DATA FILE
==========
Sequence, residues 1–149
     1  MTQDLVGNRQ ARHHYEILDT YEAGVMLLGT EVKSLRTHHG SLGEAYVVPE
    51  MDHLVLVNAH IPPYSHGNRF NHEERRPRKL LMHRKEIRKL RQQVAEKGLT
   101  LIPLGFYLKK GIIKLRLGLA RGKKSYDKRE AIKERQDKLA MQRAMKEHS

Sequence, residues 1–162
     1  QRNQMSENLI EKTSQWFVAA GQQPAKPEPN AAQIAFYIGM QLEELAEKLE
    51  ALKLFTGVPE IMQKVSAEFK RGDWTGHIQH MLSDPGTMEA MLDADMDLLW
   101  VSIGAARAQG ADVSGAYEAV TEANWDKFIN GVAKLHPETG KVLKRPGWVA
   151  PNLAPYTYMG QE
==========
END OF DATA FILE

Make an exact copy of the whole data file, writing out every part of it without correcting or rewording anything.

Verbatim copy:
Sequence, residues 1–149
     1  MTQDLVGNRQ ARHHYEILDT YEAGVMLLGT EVKSLRTHHG SLGEAYVVPE
    51  MDHLVLVNAH IPPYSHGNRF NHEERRPRKL LMHRKEIRKL RQQVAEKGLT
   101  LIPLGFYLKK GIIKLRLGLA RGKKSYDKRE AIKERQDKLA MQRAMKEHS

Sequence, residues 1–162
     1  QRNQMSENLI EKTSQWFVAA GQQPAKPEPN AAQIAFYIGM QLEELAEKLE
    51  ALKLFTGVPE IMQKVSAEFK RGDWTGHIQH MLSDPGTMEA MLDADMDLLW
   101  VSIGAARAQG ADVSGAYEAV TEANWDKFIN GVAKLHPETG KVLKRPGWVA
   151  PNLAPYTYMG QE